“This isn’t your weekend warrior outing. This is serious. This is a major event,” said Race Coordinator Shannon Kurek, of Alexandria, Ohio.
The race began Friday with a 250-meter swim, 5-mile bike ride and 1-mile run. It may seem like a lot now, but by the end of the weekend participants will face much more difficult challenges.
According to American Triple-T’s Web site, “This short race will be the first opportunity for participants to see what they are truly in for.”
The site explains that the swim starts off in time-trial format with participants going off every 1-3 seconds on a spectator-friendly 250 meter triangle swim course off the main beach at Turkey Creek Lake. Participants will then mount their bike for a 5-mile bike course along Route 125 that will feature a half-mile-plus climb up to the Mohican Resort and back. After completing this challenging 5-mile course participants will take on a relatively flat 1-mile run that turns around at the base of Lamp Black Run.
On Saturday morning, temperatures were already reaching into the 80s as participants turned things up a little.
They began with a 1,500-meter swim in time-trail format, with participants going off every 1-3 seconds on a two-lap counter clockwise rectangle swim course along the shoreline of Turkey Creek Lake. After that was a 40k bike ride (equal to about 25 miles) on Thompson Hill, and then a 6.55-mile run.
After only a few hours rest, race No. 3 — a Team Triathlon — began Saturday afternoon. Participants were challenged with a time-trial 40k bike ride on what the race considers the longest climb of the weekend, at Blue Creek Pass. After completing this challenging bike course participants took on a 1,500-meter swim and a 6.55-mile run.
Believe it or not, people come from all over to subject themselves to this intense physical challenge.
“I saw it on the Web site, and some friends of mine have done it before and I thought it would be fun,” Aaron Yocum, of Morgantown, W.Va., said.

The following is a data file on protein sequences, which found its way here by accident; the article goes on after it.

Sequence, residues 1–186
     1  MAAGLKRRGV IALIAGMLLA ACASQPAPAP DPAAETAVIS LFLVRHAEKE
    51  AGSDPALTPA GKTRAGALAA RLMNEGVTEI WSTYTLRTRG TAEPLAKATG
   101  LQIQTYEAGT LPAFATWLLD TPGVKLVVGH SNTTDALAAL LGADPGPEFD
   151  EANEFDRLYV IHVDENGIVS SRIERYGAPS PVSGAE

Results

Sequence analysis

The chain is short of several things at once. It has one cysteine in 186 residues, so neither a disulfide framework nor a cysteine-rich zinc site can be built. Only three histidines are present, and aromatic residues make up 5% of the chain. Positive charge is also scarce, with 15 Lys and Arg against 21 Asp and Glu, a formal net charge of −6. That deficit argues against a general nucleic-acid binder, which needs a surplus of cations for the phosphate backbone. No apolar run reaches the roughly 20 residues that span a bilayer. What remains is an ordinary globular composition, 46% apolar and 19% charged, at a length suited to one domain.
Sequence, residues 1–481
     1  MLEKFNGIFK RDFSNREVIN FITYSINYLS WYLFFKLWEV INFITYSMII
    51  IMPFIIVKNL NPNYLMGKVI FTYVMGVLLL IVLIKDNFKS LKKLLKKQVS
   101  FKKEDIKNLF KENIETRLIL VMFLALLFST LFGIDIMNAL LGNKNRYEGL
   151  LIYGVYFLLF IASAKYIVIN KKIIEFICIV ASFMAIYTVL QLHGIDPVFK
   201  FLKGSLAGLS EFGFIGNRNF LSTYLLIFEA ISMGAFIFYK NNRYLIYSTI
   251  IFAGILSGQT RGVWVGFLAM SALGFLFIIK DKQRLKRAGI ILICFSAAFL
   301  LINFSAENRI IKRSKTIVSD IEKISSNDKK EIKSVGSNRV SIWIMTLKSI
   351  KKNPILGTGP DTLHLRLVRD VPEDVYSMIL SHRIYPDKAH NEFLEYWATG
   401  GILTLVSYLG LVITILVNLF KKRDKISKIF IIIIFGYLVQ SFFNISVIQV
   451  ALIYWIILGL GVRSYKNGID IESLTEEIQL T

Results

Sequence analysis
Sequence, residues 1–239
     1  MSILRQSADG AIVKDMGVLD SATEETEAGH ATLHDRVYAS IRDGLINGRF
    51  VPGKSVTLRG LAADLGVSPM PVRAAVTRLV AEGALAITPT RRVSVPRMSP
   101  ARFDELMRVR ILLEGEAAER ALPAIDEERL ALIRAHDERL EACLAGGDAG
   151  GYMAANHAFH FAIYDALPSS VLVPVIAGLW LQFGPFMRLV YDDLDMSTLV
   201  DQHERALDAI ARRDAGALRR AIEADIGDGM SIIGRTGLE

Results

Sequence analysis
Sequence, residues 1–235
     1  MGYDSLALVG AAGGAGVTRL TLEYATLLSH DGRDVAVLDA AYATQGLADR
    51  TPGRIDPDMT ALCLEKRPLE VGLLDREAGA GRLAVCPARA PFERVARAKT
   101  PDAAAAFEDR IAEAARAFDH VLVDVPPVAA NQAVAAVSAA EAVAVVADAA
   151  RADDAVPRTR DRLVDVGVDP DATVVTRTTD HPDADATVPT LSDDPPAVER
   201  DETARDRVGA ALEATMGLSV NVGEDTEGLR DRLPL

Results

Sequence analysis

Yocum said he has participated in many similar events, but this is the first time he has attempted the Triple-T in Shawnee State Park. He said he trains about 12 hours a week. The most challenging portion for him this year was the swimming.
“It’s hard. The first race wasn’t bad, but after the end of (Sunday), the cumulative factor is going to be challenging,” Yocum said.
Kurek agreed that participants need to be in excellent shape, and should be experienced triathlon runners if they want to compete.
“The terrain here in Portsmouth is ridiculous. A lot of people, even from Ohio, have no idea when they come down here. It’s unbelievable. It’s beautiful, but just ridiculously hard,” Kurek said.
For entering the race, participants each receive an Official American Triple-T Ohio Race singlet, towel, water bottle, shoe laces and pre-race and post-race dinners. Those who actually finish the race will also receive an official American Triple-T Ohio headsweats, hat and visor, finisher medal and finisher technical shirt.
Teams are divided into 12 categories: Male, Female and Coed Junior Teams (Age 0-48), Senior Teams (Age 49-79), and Master Teams (Age 80+); Male and Coed Clydesdale Teams, and Female Athena Team. Awards are given to the top three finalists in each division, which will receive custom American Triple-T Ohio awards.
The race will continue through today, as participants compete in a whopping 1.2-mile swim, followed by 55.5-mile bike on routes 125, 73, and 371; then ending with a 13.1-mile run. This leg of the race is easily regarded the “toughest half-ironman course known to man.”
This is the eighth year the race has been at Shawnee State Park.
“We couldn’t do this without the great support of Shawnee State Park and the forest. We basically come down here on a holiday weekend and take over the park,” Kurek joked.
More information can be found on its Web site, at www.americantriple-t.com.
RYAN SCOTT OTTNEY can be reached at (740) 353-3101, ext., 235, or e-mail email@example.com.